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Inviting Our True Attention
Inviting Our True Attention
“Three things cannot be long hidden: the sun, the moon, and the truth.”
—attributed to the Buddha

I call the tall bush on my back patio “Burning Bush” because in autumn its leaves are a fiery red. All winter long I overlooked three uninhabited nests inside of it. For months and months I could have perceived—but didn’t—what was in plain sight.

I was delighted to finally see them today, but not surprised. In the summer, I enjoy watching birds fly into and out of the leafy-branchy mass, catching glimpses of them hopping from ground to woody perch and back again.

I’m curious—and a bit embarrassed—that I hadn’t noticed the nests until now, springtime, when the branches are about to burst forth with green.

I called my partner over to point out the carefully crafted twigs, each a purposeful home, one with a bright green strip of discarded plastic cording as decoration. He, too, is delighted. He, too, had not noticed them.

What else is there in this world that my hustling and bustling have barred me from sensing and seeing? What else has my oblivion—self-induced or socially-constructed—hindered me from perceiving?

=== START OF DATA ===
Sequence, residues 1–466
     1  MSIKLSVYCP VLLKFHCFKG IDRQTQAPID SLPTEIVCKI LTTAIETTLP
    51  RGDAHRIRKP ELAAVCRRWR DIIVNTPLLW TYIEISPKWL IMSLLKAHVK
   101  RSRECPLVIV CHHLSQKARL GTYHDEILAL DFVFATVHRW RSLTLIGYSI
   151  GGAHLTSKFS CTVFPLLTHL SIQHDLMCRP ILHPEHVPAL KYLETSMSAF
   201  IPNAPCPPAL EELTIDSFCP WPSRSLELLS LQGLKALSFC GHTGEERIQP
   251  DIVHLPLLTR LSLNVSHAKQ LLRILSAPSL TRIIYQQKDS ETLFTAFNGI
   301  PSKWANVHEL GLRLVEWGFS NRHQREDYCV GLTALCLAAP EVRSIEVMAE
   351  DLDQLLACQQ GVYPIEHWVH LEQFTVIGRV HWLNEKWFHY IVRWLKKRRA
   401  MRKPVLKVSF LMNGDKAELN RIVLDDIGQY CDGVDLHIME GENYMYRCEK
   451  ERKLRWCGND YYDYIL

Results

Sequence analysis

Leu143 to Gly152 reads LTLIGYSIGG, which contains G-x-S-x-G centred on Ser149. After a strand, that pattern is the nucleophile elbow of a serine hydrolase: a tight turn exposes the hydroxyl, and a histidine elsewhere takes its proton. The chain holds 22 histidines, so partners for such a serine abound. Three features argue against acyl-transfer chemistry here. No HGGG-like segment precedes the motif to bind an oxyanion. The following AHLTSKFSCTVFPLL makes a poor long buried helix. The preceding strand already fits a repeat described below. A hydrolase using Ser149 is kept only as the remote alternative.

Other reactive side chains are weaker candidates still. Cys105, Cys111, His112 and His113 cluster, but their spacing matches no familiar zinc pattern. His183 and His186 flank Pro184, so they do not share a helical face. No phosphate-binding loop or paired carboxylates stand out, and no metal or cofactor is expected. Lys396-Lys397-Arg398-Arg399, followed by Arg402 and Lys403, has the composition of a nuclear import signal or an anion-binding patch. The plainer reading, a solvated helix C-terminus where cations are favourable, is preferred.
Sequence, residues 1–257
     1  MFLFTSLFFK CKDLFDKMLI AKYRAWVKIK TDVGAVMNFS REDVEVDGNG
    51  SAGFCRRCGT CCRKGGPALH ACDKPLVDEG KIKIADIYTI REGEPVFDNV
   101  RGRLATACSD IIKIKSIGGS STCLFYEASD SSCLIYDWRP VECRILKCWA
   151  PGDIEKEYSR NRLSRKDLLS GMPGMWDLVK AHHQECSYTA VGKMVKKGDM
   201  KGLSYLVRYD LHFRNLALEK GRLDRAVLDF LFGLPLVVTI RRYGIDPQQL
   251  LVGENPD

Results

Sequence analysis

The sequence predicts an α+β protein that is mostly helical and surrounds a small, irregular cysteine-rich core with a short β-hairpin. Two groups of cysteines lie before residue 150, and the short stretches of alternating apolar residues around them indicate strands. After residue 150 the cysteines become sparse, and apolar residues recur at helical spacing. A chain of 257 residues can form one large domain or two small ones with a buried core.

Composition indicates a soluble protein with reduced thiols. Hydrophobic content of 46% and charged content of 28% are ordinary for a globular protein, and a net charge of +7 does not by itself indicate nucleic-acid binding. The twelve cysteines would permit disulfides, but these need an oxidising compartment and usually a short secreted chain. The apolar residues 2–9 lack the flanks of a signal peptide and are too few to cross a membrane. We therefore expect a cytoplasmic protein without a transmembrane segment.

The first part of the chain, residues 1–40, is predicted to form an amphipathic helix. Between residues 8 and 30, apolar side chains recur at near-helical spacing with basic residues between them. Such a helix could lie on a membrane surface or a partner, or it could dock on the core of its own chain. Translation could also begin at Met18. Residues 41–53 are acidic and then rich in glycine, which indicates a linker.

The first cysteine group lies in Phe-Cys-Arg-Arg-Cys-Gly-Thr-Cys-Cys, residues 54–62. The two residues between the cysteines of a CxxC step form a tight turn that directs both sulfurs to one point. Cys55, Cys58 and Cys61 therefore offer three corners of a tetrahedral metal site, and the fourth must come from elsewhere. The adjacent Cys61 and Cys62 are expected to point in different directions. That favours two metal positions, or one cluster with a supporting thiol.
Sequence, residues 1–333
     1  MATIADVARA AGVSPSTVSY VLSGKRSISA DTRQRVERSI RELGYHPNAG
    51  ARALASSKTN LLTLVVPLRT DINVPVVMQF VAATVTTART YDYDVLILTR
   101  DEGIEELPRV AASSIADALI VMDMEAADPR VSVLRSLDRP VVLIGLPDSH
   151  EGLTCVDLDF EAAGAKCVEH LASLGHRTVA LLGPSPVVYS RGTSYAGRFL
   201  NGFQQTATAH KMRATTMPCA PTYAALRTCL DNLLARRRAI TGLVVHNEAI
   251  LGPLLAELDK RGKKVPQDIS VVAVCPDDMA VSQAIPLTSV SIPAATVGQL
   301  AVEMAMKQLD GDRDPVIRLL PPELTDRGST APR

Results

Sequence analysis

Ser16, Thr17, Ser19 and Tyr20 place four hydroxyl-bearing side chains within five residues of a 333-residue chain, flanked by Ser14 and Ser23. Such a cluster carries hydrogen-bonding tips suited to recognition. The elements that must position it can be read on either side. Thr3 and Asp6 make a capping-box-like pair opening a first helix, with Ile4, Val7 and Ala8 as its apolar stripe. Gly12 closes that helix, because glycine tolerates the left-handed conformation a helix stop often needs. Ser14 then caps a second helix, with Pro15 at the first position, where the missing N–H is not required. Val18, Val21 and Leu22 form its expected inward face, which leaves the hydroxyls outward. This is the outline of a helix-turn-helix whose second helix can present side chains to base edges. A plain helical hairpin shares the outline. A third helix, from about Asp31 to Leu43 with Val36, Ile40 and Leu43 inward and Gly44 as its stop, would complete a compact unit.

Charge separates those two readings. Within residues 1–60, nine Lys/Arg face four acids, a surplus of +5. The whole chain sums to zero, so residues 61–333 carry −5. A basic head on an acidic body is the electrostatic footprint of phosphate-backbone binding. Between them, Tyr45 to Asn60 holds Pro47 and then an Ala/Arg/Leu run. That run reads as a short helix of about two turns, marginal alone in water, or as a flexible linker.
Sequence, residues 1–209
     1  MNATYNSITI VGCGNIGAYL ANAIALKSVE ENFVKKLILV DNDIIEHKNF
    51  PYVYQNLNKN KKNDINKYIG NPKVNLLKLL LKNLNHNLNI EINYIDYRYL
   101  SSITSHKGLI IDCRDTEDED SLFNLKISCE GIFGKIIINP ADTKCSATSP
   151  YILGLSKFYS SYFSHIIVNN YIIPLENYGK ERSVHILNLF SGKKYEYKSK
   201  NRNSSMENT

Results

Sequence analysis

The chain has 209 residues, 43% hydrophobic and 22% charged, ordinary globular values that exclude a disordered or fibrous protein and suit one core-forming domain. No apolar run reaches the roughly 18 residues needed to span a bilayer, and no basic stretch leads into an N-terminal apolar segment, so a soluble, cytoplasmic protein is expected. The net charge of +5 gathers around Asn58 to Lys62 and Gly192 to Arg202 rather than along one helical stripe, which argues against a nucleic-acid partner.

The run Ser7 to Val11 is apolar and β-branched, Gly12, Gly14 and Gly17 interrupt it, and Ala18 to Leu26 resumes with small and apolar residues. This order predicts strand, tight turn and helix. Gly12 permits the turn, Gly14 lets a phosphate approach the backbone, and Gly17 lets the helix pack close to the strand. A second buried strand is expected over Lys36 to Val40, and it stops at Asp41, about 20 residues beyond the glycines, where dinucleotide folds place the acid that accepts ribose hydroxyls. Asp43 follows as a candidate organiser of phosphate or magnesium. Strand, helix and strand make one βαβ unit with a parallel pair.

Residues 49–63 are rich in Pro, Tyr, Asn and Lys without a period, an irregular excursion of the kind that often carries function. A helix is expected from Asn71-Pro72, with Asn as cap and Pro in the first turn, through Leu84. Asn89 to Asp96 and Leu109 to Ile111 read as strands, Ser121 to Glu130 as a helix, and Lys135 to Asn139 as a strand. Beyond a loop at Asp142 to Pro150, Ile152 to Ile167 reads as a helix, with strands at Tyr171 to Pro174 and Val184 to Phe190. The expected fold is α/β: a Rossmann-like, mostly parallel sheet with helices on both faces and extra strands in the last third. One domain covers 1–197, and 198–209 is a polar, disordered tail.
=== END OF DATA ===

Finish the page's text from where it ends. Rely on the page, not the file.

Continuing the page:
My guess is that it is not only delights, such as these nests but violence, too, that’s within perception’s range, if only I gave it my true attention. Acts of exclusion, discrimination, and the impacts of systemic oppression are all there, right before me. I don’t always perceive them—I have been taught to not see them—but they are there, nevertheless.

What else have I missed as I move through this world? How might I wipe the dust clouding my vision and be available to reality as it is?

Prayer
Spirit of Life and Love, may my senses be attuned to that which is Just, or is in need of Justice; to that which is Compassion or is in need of Compassion. May I perceive not only my reality, but the reality of those I love and those whose company I cherish.

About the Author

  • Karen G. Johnston is the settled minister at The Unitarian Society in East Brunswick, NJ. Before becoming a minister, she spent 20+ years as a clinical social worker. Buddhist meditation and a befriending death practices sustain her, as does her delightful dog, Vera, and a blessed abundance of other...

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